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September 4, 2013
by Ashley Marie

Poor Manners, Poor Mental Health

September 4, 2013 13:38 by Ashley Marie

A couple of months ago, our neighbor knocked on the door of apartment 24. She had never done so before, so she had no idea who would answer it.

That person happened to be me. She quietly sighed with relief – probably thankful that I was not a grumpy scrooge in a shabby robe that had just been awoken by a total stranger on a Saturday morning.

Then she sheepishly asked, “Do you happen to have a plunger that I can borrow? We just moved in, and our toilet is clogged.”

“Of course,” I replied. “Just wait here, and I’ll be right back.”

She smiled as she thanked me and quickly turned towards the hallway to walk back to her front door. About half an hour later, she came back, returned the plunger, and we said goodbye.

You might think that I was being polite. But I didn’t even bother to ask what her name was. In fact, I didn’t even know that she was new to the building. After I closed the apartment door, I closed the door on an opportunity to make a new acquaintance.

Perhaps it was my fault. And perhaps it was also characteristic of 21st-century urban society.

I can’t help but wonder what our brief encounter would have been like if we were of a different time period, of a different generation.

I recall the day my Grandma welcomed her new neighbors into their cul-de-sac. She spent the whole afternoon baking chocolate chip cookies. Then, we left her kitchen and walked across the street together. We rung her neighbors’ doorbell and greeted them with a basket of freshly baked cookies. Grandma’s warmhearted welcoming felt so natural and charming – not distant and reserved.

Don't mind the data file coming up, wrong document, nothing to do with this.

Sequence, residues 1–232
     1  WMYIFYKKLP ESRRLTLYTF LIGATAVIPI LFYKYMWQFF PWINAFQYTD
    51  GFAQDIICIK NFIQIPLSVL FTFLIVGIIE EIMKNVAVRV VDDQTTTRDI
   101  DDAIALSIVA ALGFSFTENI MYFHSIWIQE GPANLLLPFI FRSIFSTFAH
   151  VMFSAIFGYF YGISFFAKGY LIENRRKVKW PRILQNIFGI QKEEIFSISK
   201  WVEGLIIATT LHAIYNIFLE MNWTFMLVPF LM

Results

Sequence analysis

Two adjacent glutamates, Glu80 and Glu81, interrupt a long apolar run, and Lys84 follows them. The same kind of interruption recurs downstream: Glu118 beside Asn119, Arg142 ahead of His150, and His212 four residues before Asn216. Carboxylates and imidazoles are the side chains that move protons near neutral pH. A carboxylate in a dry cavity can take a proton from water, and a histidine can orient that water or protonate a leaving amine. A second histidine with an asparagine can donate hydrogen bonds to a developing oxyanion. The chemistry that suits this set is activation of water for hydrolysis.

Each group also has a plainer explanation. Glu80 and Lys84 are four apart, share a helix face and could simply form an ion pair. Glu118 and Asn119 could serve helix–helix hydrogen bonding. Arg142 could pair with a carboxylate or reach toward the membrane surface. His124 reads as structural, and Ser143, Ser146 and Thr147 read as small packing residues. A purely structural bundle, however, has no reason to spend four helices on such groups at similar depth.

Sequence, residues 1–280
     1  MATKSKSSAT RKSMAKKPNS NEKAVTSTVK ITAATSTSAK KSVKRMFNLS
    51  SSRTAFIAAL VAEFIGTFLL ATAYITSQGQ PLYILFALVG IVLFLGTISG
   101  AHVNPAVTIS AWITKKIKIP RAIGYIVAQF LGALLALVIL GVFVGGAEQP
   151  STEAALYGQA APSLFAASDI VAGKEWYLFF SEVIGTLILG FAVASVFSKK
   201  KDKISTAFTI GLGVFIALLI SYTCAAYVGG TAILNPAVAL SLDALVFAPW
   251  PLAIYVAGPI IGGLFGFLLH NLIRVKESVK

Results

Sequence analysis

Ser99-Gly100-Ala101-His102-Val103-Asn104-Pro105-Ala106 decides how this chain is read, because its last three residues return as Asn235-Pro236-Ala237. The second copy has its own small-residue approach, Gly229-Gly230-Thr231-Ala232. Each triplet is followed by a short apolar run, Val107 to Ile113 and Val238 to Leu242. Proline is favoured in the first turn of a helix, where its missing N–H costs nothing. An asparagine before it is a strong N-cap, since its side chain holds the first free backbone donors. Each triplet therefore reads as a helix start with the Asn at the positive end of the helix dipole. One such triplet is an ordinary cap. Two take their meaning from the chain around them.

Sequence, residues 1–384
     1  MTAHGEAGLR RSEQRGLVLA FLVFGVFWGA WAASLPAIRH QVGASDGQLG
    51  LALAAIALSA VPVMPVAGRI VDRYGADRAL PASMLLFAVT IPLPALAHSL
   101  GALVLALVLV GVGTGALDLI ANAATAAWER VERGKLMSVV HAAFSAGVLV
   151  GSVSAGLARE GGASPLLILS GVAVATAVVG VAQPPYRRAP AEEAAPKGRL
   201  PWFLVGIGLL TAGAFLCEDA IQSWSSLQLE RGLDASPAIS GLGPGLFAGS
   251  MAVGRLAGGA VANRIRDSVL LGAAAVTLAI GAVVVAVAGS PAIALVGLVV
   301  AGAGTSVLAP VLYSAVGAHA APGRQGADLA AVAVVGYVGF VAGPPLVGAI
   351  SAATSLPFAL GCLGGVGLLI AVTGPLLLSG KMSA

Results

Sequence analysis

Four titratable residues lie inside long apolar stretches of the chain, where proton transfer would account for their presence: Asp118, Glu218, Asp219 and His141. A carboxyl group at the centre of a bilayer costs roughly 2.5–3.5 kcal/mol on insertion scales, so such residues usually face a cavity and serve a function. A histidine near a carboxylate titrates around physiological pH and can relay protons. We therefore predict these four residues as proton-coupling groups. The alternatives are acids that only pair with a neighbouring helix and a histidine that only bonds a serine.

And now I wonder whether something has been lost somewhere between Grandma’s generation and mine. She carries with her a certain level of finesse, etiquette, and propriety that I wish I possessed.

Emily Post: The Face of American Etiquette in the 1920s

Emily Post, a famous American writer on etiquette, explained that etiquette is something that can be developed by all, regardless of one’s background or socio-economic status.[1] Etiquette, she wrote, involves both ethics and good manners. Her writings pay a great deal of attention to the importance of considering the well being of others.

Though in many ways Emily Post’s notions of etiquette might be a bit outdated – and even awkward – for modern day interactions, there is something to be learned from the social graces of the Roaring Twenties.

Young girls in finishing schools devoured her books on how to conduct oneself in a multitude of scenarios, and many of these lessons still apply to the 21st century. 

A young lady would greet an elderly lady in the hallway with a “How do you do, Mrs. Jones?” A gentleman would offer his arm to an ill person if he saw that they were having trouble walking. Customers would speak politely to salespeople – it would be considered a sign of ill breeding and selfishness to do otherwise.  Guests at a dinner party would not take more than their share of food at the table. Pedestrians would not litter the streets with their garbage. And we would greet our new neighbors with a friendly introduction, a greeting card, and a small gift.